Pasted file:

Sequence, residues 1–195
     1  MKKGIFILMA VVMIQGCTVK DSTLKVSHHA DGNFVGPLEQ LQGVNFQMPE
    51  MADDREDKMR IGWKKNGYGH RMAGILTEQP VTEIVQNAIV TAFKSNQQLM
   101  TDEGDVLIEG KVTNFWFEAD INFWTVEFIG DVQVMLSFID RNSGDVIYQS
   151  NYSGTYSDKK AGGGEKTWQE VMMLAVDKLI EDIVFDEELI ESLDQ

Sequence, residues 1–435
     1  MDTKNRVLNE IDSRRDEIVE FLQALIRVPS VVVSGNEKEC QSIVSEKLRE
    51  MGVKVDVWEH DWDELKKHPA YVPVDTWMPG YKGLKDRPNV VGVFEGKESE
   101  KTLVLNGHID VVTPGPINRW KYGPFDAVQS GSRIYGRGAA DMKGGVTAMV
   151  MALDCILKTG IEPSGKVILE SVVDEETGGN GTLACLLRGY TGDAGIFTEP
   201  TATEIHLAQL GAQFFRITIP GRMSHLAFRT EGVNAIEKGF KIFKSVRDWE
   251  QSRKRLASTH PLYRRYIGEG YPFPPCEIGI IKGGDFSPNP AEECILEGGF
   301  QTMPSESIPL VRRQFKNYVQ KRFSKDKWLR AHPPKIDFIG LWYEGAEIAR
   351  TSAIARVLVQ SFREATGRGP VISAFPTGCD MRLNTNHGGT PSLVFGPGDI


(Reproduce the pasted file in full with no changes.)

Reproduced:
Sequence, residues 1–195
     1  MKKGIFILMA VVMIQGCTVK DSTLKVSHHA DGNFVGPLEQ LQGVNFQMPE
    51  MADDREDKMR IGWKKNGYGH RMAGILTEQP VTEIVQNAIV TAFKSNQQLM
   101  TDEGDVLIEG KVTNFWFEAD INFWTVEFIG DVQVMLSFID RNSGDVIYQS
   151  NYSGTYSDKK AGGGEKTWQE VMMLAVDKLI EDIVFDEELI ESLDQ

Sequence, residues 1–435
     1  MDTKNRVLNE IDSRRDEIVE FLQALIRVPS VVVSGNEKEC QSIVSEKLRE
    51  MGVKVDVWEH DWDELKKHPA YVPVDTWMPG YKGLKDRPNV VGVFEGKESE
   101  KTLVLNGHID VVTPGPINRW KYGPFDAVQS GSRIYGRGAA DMKGGVTAMV
   151  MALDCILKTG IEPSGKVILE SVVDEETGGN GTLACLLRGY TGDAGIFTEP
   201  TATEIHLAQL GAQFFRITIP GRMSHLAFRT EGVNAIEKGF KIFKSVRDWE
   251  QSRKRLASTH PLYRRYIGEG YPFPPCEIGI IKGGDFSPNP AEECILEGGF
   301  QTMPSESIPL VRRQFKNYVQ KRFSKDKWLR AHPPKIDFIG LWYEGAEIAR
   351  TSAIARVLVQ SFREATGRGP VISAFPTGCD MRLNTNHGGT PSLVFGPGDI